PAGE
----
TREATMENT IN Multiple Sclerosis

The original clinical rationale for using Kv channel blockers to improve neurological function in the symptomatic treatment of patients with MS stemmed from physiological demonstrations in the PNS in which blocking paranodal or internodal Kv channels prolonged action potential and potentiated synaptic transmission [22-25]. Many intact nonconducting axons in MS lesions can but do not conduct because their safety factor for conduction is fractionally below unity [26]. The recruitment of such axons by simply reducing body temperature [27] or changing serum-ionized calcium [28] raised hope that many more axons could be recruited pharmacologically with the use of Kv channel blockers. Waxman gives a current review of underlying disease processes and neuronal injury in MS [29]. Judge and Bever provide a current review of Kv channels as symptomatic targets in MS [30].

Although clearly beneficial, both 4-AP and 3,4-DAP are potent convulsants with narrow therapeutic windows that have limited their widespread clinical use in MS treatments. Toxic, epileptogenic side effects likely arise from the indiscriminate blockade of widely distributed and varied CNS Kv channels rather than Kv channels along demyelinated nerve fibers. Initially, the clinical improvements achieved in MS patients with 4-AP primarily were viewed as likely arising from blockage of Kv channels exposed on demyelinated nodes. In an experimental in vitro CNS study, Perreault and Avoli showed that seizure induction by 4-AP results from block of a synaptic channel [31]. More recently, Smith et al. undertook the first and only in vivo CNS studies in rats of 4-AP on experimental demyelination [26]. Their studies indicated that clinical doses of 4-AP probably produced beneficial neurological effects, not by blocking Kv channels in demyelinated axons, but by blocking Kv channels that promote synaptic transmission and increase skeletal muscle twitch tension, independent of demyelination. Understanding the clinical/therapeutic effects of 4-AP is complicated: (1) 4-AP blocks a wide variety of Kv channels that are distributed across multiple cell types in the CNS (neurons and microglia) and in the immune system (T cells, macrophages, and DCs) and (2) the molecular identities of the Kv channels actually targeted by 4-AP, clinically, remain unknown.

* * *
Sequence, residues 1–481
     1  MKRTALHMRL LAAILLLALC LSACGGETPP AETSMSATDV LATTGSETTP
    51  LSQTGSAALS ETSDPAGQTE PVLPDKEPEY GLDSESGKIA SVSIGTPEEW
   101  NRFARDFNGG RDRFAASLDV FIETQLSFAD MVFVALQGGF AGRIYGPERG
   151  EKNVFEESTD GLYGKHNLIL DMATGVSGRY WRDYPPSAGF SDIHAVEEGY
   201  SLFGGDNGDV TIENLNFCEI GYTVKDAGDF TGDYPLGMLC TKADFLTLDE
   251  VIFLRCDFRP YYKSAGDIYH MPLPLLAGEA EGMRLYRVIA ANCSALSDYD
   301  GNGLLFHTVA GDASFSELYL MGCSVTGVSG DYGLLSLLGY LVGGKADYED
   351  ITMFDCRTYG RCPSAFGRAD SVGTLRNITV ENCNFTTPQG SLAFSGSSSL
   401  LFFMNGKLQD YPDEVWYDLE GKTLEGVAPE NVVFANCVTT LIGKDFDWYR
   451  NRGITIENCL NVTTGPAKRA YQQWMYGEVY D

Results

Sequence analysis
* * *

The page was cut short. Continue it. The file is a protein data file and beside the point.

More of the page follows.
Together, reactive immunocompetent T cells, macro-phages, microglia, and DCs orchestrate the inflammation and immunopathogenesis underlying MS autoimmune disease processes. Each immune cell type is characterized by a cell-specific repertoire of ionic channels, a state-specific/differential expression of distinct Kv channels (Figure 1).